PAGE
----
This video demonstrates how both students of archaeology and the community benefit from the ongoing excavation of Fort St. Joseph in Niles, MI by highlighting the Fort St. Joseph Archaeological Project's program of public archaeology.
Fort St. Joseph was a trading post along the St. Joseph River from 1691 - 1781. Four flags flew over this fort before it was vacated in 1781. The Fort St. Joseph Archaeological Project is a partnership between Western Michigan University and the City of Niles, MI, that seeks to explore the history of New France. Students from WMU are at the site every summer digging for artifacts and uncovering structures of the fort. Fort St. Joseph is an important part of Michigan Heritage when the early French settlers traded with the Native Americans and put the St. Joseph River and Niles on the map. The site is located on the St. Joseph River and is covered with water for much of the year so equipment is installed to lower the water table each summer to allow the students to conduct their field work. Weekly summer camps are offered to the public, and allow participants to excavate on site. The site is available for viewing each season during the annual Open House while the students are on location. The fort site brings thousands of people from all over the country who have an interest in history, genealogy and archaeology. Feel free to visit the Open House on August 10-11, 2013, from 10 am. to 4 p.m. to learn more about Michigan’s history and see an archaeological site in action.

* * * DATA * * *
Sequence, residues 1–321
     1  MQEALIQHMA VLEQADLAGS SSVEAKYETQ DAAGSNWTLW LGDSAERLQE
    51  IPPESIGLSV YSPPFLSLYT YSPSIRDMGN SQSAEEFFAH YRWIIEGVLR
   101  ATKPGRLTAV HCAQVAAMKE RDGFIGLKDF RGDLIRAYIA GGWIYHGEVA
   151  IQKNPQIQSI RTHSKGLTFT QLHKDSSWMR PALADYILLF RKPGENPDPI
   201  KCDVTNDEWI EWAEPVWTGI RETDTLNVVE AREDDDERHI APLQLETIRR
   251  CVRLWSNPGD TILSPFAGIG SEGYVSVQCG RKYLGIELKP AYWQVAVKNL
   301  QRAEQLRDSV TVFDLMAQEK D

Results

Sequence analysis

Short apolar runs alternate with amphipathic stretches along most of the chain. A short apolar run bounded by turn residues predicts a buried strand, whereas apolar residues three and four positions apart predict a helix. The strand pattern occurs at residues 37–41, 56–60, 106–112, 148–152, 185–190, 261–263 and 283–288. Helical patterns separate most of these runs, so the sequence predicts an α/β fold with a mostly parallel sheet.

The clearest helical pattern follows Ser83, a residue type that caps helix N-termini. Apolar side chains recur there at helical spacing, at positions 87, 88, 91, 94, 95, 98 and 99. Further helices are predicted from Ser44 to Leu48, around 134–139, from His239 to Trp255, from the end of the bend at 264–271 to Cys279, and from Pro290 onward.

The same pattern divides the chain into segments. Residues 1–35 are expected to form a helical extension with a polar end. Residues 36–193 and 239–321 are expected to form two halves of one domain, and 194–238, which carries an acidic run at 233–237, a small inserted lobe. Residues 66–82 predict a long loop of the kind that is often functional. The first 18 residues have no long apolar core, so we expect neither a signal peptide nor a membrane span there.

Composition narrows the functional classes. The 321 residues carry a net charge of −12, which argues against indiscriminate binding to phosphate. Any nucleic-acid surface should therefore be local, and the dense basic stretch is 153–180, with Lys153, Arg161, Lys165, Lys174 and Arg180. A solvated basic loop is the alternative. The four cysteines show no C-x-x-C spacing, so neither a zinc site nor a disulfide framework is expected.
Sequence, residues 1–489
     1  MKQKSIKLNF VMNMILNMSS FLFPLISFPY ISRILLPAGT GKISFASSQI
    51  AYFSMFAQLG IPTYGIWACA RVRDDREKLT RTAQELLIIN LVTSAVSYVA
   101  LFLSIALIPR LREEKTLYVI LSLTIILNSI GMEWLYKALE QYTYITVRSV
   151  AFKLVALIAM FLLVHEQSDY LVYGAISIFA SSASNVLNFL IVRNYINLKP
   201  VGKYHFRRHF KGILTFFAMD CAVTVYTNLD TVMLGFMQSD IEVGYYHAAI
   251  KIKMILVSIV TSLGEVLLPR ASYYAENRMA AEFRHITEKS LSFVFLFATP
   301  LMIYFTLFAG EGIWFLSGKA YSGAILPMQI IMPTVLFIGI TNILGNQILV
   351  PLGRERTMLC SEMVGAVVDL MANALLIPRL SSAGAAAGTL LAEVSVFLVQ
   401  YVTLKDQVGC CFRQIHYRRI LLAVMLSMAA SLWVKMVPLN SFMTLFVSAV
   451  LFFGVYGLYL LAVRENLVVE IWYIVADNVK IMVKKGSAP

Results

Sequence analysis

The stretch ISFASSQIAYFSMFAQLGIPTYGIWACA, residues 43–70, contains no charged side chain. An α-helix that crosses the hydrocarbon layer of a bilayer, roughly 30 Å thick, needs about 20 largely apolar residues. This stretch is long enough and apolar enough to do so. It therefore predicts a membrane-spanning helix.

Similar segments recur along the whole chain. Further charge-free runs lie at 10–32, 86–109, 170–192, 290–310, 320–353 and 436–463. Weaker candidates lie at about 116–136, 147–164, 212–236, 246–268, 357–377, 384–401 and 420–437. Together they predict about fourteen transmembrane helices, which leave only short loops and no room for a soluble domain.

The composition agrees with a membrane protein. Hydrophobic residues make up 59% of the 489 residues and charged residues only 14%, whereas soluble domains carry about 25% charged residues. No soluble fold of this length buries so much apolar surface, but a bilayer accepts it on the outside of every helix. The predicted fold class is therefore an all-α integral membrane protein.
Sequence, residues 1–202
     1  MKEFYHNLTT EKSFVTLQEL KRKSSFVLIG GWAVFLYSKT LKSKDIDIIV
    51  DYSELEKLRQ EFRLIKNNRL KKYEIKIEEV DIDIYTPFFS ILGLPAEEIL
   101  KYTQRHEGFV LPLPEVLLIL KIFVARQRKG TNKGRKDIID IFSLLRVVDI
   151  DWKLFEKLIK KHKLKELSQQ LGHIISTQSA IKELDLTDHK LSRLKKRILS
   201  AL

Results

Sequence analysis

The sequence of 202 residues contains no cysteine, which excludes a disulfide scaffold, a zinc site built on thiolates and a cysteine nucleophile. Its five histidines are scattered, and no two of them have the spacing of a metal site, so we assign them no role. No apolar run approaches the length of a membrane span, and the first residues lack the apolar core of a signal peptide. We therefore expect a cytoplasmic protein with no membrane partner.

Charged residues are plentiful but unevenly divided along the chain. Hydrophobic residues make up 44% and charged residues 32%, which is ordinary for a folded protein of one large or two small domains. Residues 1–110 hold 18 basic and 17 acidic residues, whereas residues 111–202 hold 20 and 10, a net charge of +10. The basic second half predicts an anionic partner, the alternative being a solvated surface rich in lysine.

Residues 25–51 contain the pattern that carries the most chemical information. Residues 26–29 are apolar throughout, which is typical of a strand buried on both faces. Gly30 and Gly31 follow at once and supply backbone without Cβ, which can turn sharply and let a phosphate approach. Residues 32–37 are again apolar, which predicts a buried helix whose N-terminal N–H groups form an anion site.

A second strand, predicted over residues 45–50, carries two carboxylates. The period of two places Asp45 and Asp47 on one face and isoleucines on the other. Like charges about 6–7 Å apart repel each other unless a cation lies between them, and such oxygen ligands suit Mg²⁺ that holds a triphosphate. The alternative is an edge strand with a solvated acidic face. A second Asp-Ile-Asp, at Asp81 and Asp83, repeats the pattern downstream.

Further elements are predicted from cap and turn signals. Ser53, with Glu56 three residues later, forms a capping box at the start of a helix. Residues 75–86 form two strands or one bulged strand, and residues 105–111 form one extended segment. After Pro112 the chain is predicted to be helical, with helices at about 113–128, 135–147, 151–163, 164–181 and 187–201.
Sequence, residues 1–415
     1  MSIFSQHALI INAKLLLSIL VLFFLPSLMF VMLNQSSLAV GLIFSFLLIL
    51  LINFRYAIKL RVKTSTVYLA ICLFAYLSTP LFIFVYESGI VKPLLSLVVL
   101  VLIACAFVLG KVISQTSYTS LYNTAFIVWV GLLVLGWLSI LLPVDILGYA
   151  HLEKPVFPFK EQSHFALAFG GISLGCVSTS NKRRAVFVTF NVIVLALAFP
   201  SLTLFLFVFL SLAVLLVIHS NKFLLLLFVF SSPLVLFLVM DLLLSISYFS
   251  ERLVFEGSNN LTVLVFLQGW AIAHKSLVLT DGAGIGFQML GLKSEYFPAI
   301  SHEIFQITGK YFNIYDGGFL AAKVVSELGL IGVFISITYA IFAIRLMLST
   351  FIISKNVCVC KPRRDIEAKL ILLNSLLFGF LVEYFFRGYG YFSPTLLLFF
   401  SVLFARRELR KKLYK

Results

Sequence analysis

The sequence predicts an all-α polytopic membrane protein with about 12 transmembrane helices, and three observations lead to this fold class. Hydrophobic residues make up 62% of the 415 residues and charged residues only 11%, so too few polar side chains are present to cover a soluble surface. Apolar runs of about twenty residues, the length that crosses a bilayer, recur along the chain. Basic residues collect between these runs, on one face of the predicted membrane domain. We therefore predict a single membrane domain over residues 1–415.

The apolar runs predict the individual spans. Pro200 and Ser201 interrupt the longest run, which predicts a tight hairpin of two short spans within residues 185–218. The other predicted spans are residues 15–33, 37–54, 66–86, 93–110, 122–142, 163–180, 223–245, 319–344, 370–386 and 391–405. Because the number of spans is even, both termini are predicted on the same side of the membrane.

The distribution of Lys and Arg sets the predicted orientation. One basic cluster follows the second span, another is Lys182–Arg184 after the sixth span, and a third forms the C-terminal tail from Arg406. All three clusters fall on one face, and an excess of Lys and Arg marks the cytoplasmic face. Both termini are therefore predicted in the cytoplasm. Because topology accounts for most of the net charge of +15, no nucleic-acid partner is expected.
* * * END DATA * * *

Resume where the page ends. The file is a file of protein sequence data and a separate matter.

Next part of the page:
Intersection of Fort and Bond Streets
Niles, MI 49120
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